Sunday, July 19, 2009

Private schools and the pursuit of privilege

Excellent piece in today's Observer on the hidden benefits of a private-school education.

In fairness it is not unreasonable that any parent should want their child to do as well at school and in life as they have done themselves, often they want them to do better. In a free society if some parents choose to secure advantage and privilege by sending their children to elite schools there is little the state can do about it. The disappointing reality is that so many parents (often left-leaning, socially liberal parents) choose to become part of the problem, rather than seeking to be part of the solution. British public schools have always been a production line for the class system. They employ some of the best-qualified teachers, with as many as two-thirds educated in the top 20 British universities. They can - and do - raise their fees steadily, they select their pupils; have a growing endowment income from their benefactors and some of the most impressive sporting and extra-curricular activities. What's more they now recruit from a middle-class obsessed by perceived educational and social advantage.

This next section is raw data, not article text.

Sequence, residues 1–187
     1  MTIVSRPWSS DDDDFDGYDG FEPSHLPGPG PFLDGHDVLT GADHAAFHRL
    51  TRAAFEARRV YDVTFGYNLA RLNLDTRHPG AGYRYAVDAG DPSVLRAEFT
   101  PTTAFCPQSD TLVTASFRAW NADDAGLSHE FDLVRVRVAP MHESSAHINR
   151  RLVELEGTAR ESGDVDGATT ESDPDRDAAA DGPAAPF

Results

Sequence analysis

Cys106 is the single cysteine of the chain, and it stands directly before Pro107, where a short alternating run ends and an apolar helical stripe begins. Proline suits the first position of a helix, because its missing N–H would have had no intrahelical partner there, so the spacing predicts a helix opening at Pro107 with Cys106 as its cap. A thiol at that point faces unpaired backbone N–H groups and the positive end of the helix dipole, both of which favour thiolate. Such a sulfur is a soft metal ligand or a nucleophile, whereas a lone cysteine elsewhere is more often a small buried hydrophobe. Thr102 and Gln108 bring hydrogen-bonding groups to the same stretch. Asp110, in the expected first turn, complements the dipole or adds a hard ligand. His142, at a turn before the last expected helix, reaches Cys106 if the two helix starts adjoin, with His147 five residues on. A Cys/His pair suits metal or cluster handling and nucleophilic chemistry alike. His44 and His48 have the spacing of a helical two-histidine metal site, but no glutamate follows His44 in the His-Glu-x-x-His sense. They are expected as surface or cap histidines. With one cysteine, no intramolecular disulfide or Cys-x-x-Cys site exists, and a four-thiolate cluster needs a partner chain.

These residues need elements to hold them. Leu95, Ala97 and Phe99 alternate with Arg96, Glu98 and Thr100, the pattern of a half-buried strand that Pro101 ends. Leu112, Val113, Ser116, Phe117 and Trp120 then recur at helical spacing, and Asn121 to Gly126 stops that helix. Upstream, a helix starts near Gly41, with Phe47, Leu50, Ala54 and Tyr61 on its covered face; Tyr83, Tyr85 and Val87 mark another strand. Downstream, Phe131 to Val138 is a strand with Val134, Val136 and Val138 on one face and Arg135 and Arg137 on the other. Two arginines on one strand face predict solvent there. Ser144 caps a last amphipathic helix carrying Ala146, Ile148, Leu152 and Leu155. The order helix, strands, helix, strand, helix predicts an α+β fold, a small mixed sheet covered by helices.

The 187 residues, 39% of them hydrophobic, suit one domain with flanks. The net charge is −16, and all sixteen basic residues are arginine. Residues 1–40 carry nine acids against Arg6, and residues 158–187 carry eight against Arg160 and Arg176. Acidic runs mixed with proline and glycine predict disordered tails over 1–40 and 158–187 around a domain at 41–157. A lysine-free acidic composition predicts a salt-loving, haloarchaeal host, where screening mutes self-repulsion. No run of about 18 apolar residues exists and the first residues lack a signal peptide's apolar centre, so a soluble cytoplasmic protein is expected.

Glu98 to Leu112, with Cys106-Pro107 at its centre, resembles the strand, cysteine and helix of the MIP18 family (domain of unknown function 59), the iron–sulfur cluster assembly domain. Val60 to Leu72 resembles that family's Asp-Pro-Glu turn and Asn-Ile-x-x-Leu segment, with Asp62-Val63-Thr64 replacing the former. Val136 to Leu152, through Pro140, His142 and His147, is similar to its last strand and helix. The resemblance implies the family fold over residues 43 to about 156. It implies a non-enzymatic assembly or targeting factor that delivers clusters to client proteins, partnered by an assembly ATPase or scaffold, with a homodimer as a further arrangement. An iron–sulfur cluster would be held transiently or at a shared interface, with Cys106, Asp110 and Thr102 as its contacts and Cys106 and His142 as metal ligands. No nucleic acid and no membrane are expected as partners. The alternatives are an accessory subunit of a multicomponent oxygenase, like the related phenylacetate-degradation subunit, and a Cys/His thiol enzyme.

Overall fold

The really telling – and somewhat sad - truth about the fact that so many middle-class parents decide not to stay in the state sector is that it reinforces the view that those who do have influence, those who really do have a "voice" in our society have such a high stake in the current order they will seek to mobilise and organise in order protect it. What we all need to reflect on is the fact that when parents abandon the state sector in favour of the private, it is always conservative and not progressive politics that triumphs.

No comments: